FILTERS:

A rethink

1 November 2007

The practice regarding affidavits required for the registration of the rectification of an error in terms of Section 4(1)(b) of the Deeds Registries Act 47 of 1937 (DRA) and the application for a certified copy in terms of regulation 68(1) of DRA needs a rethink.

The article by A S West in issue No. 10 of the SADJ on the application of Section 4(1)(b) of the Deeds Registries Act states that "although the aforementioned section does not require an application or affidavit, this is established practice". This is true, and so much so that examiners believe that there has to be an affidavit. Deeds are rejected, even by senior staff, on that basis. With respect, simple proof of the error in registration should, given the wording of the section, be all that is required for such a rectification to be made. Admittedly, an application makes for better conveyancing practice. However, established practice cannot usurp the provisions of the Act and the insistence on an affidavit should be relaxed, if not abandoned altogether.

The article also correctly points out that Section 4(1)(b) does not stipulate who may request the rectification of a deed, yet it is also established practice that deeds are rejected if someone other than the owner applies for their rectification. It is a simple fact that, with few exceptions, owners of land, mortgagees, etc., do not have, except for the spelling of their names and dates of birth (and sometimes even that!), any idea what requirements are involved in the registration of deeds.

The last paragraph of that article begs comment as well. Remember, if you make no mistakes, you make nothing. However, if firm A registered the title and firm B is now instructed to pass a bond over the property and realises that some error exists in the title, what is there to do? Does firm B sue firm A? Try to force firm A to attend to the rectification? Blame it on the deeds office and its employees for not seeing the error? Must firm B nowttend to the rectification for free? Time is money … and maybe it is the mad rush to give good service that can sometimes be blamed for the errors! Batho Pele shooting itself in the foot?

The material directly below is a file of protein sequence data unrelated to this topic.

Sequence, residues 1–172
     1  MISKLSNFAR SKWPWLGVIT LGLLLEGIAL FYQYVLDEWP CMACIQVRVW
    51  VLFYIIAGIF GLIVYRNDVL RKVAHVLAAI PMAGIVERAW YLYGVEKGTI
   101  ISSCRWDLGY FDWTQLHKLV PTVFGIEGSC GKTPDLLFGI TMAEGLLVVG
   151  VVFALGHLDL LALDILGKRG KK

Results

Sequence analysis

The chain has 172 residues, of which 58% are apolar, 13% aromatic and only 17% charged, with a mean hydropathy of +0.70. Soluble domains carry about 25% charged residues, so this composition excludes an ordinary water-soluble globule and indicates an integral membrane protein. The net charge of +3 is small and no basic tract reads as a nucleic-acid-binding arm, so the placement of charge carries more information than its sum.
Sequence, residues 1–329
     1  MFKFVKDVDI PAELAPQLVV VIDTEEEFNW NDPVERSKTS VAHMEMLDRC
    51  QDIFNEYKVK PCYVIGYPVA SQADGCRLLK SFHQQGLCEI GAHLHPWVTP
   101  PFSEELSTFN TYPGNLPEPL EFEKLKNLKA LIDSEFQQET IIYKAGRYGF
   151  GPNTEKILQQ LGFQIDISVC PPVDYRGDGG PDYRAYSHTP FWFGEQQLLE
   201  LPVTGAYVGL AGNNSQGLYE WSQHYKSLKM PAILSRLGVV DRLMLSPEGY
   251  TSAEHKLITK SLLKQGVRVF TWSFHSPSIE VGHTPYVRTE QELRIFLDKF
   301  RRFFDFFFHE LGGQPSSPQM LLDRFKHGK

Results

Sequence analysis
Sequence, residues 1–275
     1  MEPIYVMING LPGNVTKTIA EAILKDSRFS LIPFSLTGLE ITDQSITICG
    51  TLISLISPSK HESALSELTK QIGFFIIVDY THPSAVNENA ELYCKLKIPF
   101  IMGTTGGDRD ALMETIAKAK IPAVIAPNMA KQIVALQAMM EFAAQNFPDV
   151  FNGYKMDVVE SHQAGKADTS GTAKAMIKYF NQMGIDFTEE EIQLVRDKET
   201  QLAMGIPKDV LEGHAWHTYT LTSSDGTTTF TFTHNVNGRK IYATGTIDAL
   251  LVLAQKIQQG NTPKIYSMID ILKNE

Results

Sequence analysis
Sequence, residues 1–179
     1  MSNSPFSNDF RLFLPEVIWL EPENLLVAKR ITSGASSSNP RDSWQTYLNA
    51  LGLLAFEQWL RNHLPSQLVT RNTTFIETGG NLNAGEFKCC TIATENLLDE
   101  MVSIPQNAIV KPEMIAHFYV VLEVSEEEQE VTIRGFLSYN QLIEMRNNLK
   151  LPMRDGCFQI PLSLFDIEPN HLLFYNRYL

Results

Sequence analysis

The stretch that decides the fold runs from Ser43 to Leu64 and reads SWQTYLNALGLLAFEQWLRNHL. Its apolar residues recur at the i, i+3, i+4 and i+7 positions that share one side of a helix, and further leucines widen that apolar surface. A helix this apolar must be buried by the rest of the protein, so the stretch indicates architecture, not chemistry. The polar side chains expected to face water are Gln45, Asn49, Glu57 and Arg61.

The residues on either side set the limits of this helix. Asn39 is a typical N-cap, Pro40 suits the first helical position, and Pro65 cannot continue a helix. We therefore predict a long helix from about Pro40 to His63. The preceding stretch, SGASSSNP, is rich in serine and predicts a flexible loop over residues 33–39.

As regards applications for the issue of certified copies under Regulation 68(1) of the Deeds Registries Act, it is submitted that conveyancers are responsible for their own misery in this instance. The regulation clearly states that the registered owner or his agent may make the application. It continues to specify an affidavit supporting the application, without specifying who should make that affidavit. Deeds registries insist that the owner must make the supporting affidavit, and conveyancers blindly comply with that view, but that practice does not make sense.

It is common knowledge that by far the majority of title deeds never pass through the hands of the owner, but are retained by the mortgagee. How can an owner in such a case be required to issue an affidavit as to the whereabouts of the title? He cannot know where it is!

He believes it to be safe in the custody of the bank. Big mistake! Titles are lost by banks, conveyancers, post offices, couriers, other postal services, but relatively rarely by the owner himself, because he never sees it or has it in his possession. Surely, it would be far better practice to require the mortgagee or conveyancer, or whoever actually could have handled or possessed the title at some time, to issue the supporting affidavit.

What is the opinion of readers? - Editor of SA Deeds Journal

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